By Janet Stewart
Everyone was there at the start of the experiment. The Chinese. The Russians. The Arabs.
Ahmed infected me with a long slow kiss. Lips of honey and pomegranates. Lingering. Tangerine breath. He protected me. Stroked my trembling thighs with his warm brown hands. Put a strawberry inside for later. “Now,” he would say as I produced it for his soft lips.
A dog growls then whimpers. I find him in the hallway licking a severed paw. I grab a piece of cloth to tie the beast to a door knob. He will taste good later. Let him die on his own. I can’t kill anymore. I go out into the street to see if it is night or day. Then I know. This is Prague. Ahmed said we would come to his favourite city to drink and listen to Dvořák. He said he would marry me and there would be no more Jihad.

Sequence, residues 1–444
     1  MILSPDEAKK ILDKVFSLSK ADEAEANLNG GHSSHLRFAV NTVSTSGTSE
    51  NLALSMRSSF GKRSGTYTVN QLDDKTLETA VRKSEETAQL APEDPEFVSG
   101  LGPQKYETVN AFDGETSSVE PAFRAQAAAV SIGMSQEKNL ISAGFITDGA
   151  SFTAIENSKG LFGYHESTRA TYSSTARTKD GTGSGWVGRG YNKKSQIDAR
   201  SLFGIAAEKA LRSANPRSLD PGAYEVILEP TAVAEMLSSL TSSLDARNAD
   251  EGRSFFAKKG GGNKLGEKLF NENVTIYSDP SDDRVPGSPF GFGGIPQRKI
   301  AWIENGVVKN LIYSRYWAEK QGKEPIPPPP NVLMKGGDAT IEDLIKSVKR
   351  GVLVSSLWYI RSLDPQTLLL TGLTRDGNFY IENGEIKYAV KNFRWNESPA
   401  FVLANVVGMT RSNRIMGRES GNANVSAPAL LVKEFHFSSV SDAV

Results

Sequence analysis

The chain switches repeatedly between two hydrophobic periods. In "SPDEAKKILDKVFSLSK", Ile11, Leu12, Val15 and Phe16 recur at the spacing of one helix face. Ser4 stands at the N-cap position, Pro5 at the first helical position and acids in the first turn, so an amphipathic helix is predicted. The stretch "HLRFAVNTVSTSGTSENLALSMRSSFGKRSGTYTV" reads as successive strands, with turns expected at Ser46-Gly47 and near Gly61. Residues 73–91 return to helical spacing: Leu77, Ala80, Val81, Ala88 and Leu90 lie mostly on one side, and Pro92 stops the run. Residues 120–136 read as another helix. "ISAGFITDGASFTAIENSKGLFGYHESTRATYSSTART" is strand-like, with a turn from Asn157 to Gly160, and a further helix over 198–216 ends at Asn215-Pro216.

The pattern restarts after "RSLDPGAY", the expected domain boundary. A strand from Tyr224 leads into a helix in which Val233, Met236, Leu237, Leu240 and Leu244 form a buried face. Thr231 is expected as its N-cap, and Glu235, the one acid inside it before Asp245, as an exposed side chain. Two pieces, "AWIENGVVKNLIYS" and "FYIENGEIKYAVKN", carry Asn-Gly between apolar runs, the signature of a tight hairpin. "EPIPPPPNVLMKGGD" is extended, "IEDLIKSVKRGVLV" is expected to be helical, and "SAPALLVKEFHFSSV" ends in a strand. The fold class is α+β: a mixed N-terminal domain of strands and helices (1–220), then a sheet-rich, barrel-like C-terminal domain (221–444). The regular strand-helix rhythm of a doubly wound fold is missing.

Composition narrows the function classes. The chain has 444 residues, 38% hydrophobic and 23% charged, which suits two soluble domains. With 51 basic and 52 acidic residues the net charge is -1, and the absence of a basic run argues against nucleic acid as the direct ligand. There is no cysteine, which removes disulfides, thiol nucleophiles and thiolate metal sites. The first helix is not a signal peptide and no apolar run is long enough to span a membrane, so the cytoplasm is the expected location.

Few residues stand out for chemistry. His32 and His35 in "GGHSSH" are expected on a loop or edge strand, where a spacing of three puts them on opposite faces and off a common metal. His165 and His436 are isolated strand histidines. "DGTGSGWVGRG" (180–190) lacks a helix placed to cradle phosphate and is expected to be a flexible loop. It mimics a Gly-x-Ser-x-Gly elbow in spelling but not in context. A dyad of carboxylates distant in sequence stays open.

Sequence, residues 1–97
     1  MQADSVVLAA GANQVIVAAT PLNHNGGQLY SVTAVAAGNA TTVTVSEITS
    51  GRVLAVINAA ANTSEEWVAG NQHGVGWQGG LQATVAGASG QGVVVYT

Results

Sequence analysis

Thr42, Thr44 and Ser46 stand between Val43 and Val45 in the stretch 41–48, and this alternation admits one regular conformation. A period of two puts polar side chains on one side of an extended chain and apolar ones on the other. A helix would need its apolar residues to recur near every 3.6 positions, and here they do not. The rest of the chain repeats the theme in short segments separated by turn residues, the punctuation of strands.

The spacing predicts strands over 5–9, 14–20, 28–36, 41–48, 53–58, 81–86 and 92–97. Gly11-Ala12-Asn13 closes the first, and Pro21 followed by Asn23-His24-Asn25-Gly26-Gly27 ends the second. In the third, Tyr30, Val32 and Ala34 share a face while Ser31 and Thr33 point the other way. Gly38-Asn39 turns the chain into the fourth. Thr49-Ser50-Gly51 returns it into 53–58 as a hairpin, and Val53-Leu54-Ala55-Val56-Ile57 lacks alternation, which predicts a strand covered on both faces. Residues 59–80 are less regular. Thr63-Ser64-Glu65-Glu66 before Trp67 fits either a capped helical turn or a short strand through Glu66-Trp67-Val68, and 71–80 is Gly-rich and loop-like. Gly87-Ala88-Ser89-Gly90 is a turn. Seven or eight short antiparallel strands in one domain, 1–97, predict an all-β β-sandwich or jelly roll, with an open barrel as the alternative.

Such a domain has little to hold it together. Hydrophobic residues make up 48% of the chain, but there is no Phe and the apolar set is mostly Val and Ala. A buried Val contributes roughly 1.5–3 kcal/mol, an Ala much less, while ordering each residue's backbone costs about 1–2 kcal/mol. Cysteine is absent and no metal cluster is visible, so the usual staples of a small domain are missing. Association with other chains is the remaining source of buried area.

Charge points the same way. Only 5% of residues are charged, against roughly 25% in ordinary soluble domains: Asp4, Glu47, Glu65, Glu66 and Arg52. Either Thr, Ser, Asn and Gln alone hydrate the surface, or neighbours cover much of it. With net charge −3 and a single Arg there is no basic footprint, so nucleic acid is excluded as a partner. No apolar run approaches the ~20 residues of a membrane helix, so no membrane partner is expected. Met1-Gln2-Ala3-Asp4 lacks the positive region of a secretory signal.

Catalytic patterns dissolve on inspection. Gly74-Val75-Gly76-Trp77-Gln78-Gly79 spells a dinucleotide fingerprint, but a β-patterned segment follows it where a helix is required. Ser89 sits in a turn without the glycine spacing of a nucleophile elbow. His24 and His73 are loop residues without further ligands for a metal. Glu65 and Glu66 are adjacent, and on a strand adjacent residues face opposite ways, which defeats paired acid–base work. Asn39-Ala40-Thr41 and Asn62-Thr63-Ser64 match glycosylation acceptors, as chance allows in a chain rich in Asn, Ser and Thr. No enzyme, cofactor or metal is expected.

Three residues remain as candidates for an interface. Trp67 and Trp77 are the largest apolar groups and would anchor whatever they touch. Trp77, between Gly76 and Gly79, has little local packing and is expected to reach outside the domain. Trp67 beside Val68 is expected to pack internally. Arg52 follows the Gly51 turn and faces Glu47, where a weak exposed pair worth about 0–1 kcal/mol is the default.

The world is beautiful and dead. Ahmed is dead. The Chinese, Russians and Arabs are all dead.
Soon, I may have to cut off my breasts to make soup. I would give myself to a man for protection but there are none. There is nothing left in the world but a dying dog and a sad woman crying in the street.